The Employment Non-Discrimination Act

The Employment Non-Discrimination Act

The battle to make workplace discrimination based on one’s sexual orientation illegal on the federal level continues to be waged. The federal government currently classifies certain groups as “protected,” meaning that it is against the law to discriminate them in the workplace. However, the LGBTQ population is not counted among them. As a result, the Employment Non-Discrimination Act (ENDA) was created to address this omission in the federal law. If passed, ENDA would make sexual orientation an illegal reason to discriminate against someone in all matters related to employment, in addition to race, gender, national origin and disability.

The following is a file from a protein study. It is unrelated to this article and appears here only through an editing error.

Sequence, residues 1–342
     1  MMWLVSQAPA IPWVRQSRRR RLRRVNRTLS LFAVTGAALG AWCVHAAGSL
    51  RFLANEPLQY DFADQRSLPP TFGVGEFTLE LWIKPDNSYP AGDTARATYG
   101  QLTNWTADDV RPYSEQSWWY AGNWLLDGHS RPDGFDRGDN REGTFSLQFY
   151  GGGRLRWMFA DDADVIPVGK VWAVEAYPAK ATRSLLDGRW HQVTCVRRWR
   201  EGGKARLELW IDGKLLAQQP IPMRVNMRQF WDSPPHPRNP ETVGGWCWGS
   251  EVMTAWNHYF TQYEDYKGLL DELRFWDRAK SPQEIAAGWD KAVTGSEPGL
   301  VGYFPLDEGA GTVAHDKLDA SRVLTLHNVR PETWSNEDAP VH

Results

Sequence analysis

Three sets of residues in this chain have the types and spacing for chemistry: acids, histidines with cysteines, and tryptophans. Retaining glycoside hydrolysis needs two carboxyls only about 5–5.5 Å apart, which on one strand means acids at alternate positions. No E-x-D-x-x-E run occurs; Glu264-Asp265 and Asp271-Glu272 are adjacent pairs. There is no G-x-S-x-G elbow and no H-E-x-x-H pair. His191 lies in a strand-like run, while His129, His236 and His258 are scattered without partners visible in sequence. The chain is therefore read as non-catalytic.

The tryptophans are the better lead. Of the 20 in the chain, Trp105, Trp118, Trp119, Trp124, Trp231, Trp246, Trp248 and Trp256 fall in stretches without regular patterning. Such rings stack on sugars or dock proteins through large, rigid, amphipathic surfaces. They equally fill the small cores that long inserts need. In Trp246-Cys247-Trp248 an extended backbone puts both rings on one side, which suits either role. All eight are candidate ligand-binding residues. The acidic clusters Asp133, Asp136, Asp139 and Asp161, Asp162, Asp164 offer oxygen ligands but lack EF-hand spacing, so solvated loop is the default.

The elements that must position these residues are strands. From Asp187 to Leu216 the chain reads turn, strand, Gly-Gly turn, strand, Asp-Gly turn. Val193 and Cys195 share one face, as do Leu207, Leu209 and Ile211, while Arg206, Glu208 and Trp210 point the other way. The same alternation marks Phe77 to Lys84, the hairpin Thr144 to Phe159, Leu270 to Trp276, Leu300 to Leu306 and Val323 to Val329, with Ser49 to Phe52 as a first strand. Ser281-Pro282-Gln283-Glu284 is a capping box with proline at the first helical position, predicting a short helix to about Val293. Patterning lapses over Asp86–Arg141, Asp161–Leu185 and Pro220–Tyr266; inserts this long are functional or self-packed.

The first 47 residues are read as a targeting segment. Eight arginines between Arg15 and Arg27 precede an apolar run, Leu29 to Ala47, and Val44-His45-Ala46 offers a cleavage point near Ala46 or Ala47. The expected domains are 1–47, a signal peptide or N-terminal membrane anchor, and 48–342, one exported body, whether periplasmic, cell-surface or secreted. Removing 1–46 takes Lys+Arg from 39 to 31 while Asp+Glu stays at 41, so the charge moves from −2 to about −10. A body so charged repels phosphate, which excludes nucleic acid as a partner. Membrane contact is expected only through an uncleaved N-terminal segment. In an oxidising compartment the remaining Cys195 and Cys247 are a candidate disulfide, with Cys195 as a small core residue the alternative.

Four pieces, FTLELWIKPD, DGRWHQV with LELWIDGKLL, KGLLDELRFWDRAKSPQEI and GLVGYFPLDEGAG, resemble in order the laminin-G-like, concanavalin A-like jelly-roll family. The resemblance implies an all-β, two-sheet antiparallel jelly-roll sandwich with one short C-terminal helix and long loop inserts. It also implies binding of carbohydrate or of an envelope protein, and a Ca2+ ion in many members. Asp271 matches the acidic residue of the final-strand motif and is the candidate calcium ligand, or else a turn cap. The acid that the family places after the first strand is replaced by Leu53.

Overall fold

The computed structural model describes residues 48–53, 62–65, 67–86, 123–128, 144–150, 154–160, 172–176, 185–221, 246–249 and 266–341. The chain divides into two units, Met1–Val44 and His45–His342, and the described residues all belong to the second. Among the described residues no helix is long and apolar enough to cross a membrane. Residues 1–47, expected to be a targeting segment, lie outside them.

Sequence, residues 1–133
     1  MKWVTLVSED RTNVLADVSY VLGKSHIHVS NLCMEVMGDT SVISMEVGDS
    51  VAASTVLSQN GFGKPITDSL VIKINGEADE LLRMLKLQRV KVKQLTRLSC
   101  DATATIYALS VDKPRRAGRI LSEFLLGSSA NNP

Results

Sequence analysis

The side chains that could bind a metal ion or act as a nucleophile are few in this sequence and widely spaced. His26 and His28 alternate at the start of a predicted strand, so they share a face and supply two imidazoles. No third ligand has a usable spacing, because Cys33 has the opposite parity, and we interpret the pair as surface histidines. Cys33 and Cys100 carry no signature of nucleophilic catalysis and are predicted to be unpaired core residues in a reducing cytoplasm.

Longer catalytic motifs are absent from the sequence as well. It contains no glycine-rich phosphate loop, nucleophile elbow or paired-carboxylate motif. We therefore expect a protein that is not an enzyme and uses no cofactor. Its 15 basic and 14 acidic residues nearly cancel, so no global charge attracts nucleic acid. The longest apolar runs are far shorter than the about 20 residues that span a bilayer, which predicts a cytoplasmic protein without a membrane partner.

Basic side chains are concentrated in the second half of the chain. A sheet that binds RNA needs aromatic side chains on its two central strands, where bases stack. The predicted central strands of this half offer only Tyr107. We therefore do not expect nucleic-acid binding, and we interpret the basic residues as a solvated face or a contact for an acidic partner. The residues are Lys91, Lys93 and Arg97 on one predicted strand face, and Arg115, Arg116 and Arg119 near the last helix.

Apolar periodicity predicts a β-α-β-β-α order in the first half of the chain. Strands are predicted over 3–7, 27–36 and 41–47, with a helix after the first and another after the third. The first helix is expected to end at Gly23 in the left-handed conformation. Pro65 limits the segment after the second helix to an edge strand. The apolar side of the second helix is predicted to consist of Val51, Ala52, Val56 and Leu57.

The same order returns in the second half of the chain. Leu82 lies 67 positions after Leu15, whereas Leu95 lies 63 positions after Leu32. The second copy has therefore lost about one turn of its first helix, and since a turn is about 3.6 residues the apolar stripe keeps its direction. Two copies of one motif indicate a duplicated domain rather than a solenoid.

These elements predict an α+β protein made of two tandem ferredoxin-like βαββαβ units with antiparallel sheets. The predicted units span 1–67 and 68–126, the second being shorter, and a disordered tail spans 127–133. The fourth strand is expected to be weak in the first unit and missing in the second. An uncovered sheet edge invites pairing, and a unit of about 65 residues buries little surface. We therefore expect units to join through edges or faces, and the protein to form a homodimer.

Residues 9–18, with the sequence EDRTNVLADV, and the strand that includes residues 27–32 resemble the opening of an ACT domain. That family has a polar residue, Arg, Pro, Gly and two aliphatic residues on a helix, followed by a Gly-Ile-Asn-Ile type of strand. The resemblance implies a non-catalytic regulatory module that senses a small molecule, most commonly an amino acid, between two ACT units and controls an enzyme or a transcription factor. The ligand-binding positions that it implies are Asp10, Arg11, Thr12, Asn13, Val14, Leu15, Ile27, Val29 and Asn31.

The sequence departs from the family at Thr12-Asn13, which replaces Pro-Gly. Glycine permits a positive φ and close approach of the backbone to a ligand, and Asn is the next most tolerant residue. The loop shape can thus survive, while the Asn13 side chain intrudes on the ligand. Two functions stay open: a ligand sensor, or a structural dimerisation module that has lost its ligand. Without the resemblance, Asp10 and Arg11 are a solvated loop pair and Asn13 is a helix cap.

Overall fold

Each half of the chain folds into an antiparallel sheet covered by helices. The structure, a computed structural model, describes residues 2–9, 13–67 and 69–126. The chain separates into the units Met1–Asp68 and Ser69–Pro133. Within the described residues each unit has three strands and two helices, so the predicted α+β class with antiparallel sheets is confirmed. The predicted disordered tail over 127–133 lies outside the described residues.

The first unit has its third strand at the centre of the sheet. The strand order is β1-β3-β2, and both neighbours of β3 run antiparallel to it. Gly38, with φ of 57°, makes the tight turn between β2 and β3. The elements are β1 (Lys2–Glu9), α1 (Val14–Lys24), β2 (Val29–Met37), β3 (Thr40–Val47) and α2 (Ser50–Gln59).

Workplace protections for the LGBTQ population have existed in a number of states throughout the nation since 1982, with ENDA first introduced in the 103rd Congress in 1994. While federal legislation has not yet been granted, bipartisan support exists for the Act and it has the support of the American Civil Liberties Union, which views ENDA as “… an essential part of equal protection under the law.” The passage of ENDA would signify the legitimacy of the LGBTQ community as deserving of the same civil rights and liberties as every other protected class in the nation’s workforce.